How Sweet the Sound

by Roger Mock

Six years ago now, back in January of 2013, we began our Sunday evening “multi-faith music and meditation” service which we now simply call “OneSong.” Rev. Jim Fuller, Mark Shepard and I collaborated on it, coming up with a loose Order of Service and testing it out by initially offering it once per month through August of that year. In September we took the extra leap and went to a weekly format.

I also began an email list (which became this one) to help get the word out. Pretty much from the beginning I would send out an email about the upcoming service and its chosen theme. Over the months I found that as I began writing, my thoughts and ideas would often coalesce into something more than I would have expected. Unforeseen connections were made. A little research would reveal some new and interesting thread. In short, I was engaging in the creative writing process; something I had previously not dabbled in. It was fun and rewarding, often grace-filled, and I started receiving positive feedback. More than that, the process had become a key part of my own spiritual practice, even more so when the service went to a weekly format.

I did reasonably well at keeping up a nearly weekly writing practice for a good couple of years, eventually cutting back to every other week or so, then monthly, then… well, by last summer it seemed to have gone the way of all blogs.

For one thing, this creative activity required setting aside a good part of the day to pull it off for me – even if the result was a just few short paragraphs. The main reason for the curtailment though might have to do with my not always believing that I had something worthwhile to say. Funny thing is, looking back, I rarely (never) had any burning catharses demanding to be shaped into prose. If there were any epiphanies, they arose in the writing process itself.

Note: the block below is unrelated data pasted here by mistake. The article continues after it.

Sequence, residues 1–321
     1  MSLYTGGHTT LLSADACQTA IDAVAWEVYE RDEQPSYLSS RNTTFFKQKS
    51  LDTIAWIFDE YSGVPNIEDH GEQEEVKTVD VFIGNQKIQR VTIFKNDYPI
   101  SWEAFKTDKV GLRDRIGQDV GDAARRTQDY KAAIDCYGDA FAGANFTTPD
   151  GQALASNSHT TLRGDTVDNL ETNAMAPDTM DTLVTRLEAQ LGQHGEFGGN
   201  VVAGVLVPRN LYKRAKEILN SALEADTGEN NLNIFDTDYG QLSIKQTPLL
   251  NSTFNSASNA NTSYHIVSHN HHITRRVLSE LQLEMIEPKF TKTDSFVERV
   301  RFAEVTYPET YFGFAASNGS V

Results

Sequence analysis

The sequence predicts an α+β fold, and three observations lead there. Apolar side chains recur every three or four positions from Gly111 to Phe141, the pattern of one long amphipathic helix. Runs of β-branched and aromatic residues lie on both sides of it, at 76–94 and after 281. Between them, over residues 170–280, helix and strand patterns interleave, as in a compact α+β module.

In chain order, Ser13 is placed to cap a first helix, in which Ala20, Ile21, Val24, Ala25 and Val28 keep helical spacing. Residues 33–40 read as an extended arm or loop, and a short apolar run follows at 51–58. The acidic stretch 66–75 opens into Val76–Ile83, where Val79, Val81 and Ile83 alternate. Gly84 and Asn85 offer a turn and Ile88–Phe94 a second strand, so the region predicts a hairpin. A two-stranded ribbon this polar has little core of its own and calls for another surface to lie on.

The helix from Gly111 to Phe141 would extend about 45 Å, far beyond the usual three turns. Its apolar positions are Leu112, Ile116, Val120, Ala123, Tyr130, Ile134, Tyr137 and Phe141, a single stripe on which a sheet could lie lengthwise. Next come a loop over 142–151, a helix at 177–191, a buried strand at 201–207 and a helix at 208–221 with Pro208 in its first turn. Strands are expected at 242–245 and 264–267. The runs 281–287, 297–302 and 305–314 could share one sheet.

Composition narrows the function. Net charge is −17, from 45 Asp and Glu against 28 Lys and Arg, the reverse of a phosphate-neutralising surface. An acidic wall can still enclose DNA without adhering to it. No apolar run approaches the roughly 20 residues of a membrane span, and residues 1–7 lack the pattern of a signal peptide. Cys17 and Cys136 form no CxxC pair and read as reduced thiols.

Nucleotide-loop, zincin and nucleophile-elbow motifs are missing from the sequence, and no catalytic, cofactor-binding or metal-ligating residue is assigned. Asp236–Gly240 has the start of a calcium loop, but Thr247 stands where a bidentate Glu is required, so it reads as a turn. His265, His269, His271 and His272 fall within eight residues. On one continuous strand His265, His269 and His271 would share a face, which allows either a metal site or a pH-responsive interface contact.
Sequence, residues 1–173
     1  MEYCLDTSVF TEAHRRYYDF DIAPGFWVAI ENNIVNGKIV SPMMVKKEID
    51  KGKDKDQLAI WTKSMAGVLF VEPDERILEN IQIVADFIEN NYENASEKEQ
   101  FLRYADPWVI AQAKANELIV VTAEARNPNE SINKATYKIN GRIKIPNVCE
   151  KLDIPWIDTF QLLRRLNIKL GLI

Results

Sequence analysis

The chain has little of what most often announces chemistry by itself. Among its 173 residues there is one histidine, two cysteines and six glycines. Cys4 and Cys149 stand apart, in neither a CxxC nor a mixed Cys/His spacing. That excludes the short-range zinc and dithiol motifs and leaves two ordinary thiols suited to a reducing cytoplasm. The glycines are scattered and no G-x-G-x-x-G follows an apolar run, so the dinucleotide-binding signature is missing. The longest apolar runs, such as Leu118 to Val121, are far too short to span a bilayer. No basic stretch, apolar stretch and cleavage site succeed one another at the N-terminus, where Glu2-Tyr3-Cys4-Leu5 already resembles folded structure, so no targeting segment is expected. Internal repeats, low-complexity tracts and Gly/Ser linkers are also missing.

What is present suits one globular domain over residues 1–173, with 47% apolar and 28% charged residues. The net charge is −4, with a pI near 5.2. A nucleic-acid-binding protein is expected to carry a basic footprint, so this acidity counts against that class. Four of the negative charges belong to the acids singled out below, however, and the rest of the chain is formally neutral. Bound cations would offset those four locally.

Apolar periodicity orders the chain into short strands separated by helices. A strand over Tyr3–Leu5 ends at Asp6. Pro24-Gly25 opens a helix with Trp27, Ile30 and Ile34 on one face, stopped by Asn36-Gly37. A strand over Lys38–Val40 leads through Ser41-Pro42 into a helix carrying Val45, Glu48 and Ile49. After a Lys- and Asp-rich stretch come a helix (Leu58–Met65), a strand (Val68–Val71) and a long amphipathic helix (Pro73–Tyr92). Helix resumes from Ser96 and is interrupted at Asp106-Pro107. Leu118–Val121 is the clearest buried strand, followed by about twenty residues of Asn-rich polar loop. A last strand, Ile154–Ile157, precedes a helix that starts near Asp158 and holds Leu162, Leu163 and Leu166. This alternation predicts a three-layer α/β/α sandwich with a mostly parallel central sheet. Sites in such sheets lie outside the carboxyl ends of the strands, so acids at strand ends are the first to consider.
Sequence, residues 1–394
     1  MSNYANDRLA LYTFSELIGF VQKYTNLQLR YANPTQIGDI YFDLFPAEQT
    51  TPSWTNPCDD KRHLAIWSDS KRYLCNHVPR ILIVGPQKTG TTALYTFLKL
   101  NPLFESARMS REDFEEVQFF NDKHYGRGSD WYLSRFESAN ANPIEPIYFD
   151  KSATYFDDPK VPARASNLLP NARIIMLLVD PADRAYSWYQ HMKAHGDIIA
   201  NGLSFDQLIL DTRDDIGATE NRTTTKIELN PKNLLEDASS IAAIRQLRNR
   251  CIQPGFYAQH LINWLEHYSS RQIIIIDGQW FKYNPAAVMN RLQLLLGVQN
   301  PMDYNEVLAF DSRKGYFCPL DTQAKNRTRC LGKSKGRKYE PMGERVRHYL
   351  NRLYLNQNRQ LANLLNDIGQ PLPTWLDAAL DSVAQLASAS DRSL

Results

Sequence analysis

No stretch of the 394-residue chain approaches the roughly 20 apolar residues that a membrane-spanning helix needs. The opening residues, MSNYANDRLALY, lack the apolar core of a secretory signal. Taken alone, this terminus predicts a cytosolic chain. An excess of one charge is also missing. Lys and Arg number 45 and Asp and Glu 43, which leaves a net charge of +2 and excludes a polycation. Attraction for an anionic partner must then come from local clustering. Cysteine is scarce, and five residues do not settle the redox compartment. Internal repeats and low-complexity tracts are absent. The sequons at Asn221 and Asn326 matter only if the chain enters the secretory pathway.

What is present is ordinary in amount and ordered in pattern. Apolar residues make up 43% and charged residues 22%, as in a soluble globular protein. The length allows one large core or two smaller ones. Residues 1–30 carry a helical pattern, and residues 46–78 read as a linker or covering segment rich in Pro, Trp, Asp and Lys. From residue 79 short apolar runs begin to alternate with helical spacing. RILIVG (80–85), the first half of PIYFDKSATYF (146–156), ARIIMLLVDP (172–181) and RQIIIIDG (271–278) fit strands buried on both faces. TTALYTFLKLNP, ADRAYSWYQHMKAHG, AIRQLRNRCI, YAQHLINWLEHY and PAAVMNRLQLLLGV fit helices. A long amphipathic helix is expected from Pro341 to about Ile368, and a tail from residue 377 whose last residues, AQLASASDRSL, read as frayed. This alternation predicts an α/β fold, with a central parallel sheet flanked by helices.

That’s a really important point, and the takeaway here is this. Life/The Universe will engage with us if we are willing to engage with it. The requirement is some form of taking a chance, of making that first step (and a second and third one, too, frankly). The artist, like the writer, must necessarily begin with a blank page or canvas (or, yes, a Word doc). You make a mark, you type a sentence. You erase or paint over or retype and you keep going, open to in-spiration – the allowing in of spirit. Life does want to engage with you in that way and wants to work with you. Perhaps you have toyed with the idea of keeping a journal or taking up watercolor painting. Maybe you feel the need for a career change. You may not have a clue what that career might look like, or if your paintings will be “any good” (it doesn’t matter), but you do know the first couple steps to take for any of those ventures, and that’s where to start.

It’s not about the end product of the journaling or the painting or even of the career shift. It’s about the dance, about engaging with Life, with Spirit. It’s about overcoming fear of the big blank page and even being willing to make a mess of it, if it comes to that. A good artist throws out most of their sketches and a good songwriter has a batch of tunes the public will never hear.

For my part, I guess I’m trying this out again after a several-month hiatus. My spiritual practice has seemed a little lacking without it. I haven’t really missed having to confront that “big blank page”. But the thing is, as soon as I start typing, it’s no longer blank, and it doesn’t look nearly as big. Plus, I have missed the sacred dance that can come from engaging with it. So, we’ll see how it goes. No promises about firing off weekly missives, but you might be hearing from me a bit more. I always love to get responses, too. <Hint, hint>

How about you – what big blank page is staring you down right now? Pick up a crayon or two and have at it. Keep it simple, keep it light and enjoy the messes! Just dance, partner, dance.

Bright blessings,

Roger